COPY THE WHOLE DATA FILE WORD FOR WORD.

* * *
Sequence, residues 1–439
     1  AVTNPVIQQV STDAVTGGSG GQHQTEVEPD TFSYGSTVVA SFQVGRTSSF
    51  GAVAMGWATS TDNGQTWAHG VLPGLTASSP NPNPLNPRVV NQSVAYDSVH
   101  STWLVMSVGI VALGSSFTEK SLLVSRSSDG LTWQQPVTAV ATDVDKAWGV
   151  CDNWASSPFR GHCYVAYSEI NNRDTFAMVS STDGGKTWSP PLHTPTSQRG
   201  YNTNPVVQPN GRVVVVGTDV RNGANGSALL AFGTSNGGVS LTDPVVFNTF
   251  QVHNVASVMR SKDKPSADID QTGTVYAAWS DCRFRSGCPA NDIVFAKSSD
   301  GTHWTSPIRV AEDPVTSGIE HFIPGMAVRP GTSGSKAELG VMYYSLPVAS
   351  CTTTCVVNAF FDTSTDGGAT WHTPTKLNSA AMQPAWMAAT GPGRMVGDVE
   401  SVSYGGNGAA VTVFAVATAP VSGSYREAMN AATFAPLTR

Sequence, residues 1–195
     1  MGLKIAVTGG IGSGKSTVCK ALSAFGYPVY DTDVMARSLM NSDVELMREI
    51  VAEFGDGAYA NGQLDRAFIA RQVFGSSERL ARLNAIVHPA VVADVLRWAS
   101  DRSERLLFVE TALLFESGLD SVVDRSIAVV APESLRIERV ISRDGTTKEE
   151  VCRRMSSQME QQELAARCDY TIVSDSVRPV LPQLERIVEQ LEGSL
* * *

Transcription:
Sequence, residues 1–439
     1  AVTNPVIQQV STDAVTGGSG GQHQTEVEPD TFSYGSTVVA SFQVGRTSSF
    51  GAVAMGWATS TDNGQTWAHG VLPGLTASSP NPNPLNPRVV NQSVAYDSVH
   101  STWLVMSVGI VALGSSFTEK SLLVSRSSDG LTWQQPVTAV ATDVDKAWGV
   151  CDNWASSPFR GHCYVAYSEI NNRDTFAMVS STDGGKTWSP PLHTPTSQRG
   201  YNTNPVVQPN GRVVVVGTDV RNGANGSALL AFGTSNGGVS LTDPVVFNTF
   251  QVHNVASVMR SKDKPSADID QTGTVYAAWS DCRFRSGCPA NDIVFAKSSD
   301  GTHWTSPIRV AEDPVTSGIE HFIPGMAVRP GTSGSKAELG VMYYSLPVAS
   351  CTTTCVVNAF FDTSTDGGAT WHTPTKLNSA AMQPAWMAAT GPGRMVGDVE
   401  SVSYGGNGAA VTVFAVATAP VSGSYREAMN AATFAPLTR

Sequence, residues 1–195
     1  MGLKIAVTGG IGSGKSTVCK ALSAFGYPVY DTDVMARSLM NSDVELMREI
    51  VAEFGDGAYA NGQLDRAFIA RQVFGSSERL ARLNAIVHPA VVADVLRWAS
   101  DRSERLLFVE TALLFESGLD SVVDRSIAVV APESLRIERV ISRDGTTKEE
   151  VCRRMSSQME QQELAARCDY TIVSDSVRPV LPQLERIVEQ LEGSL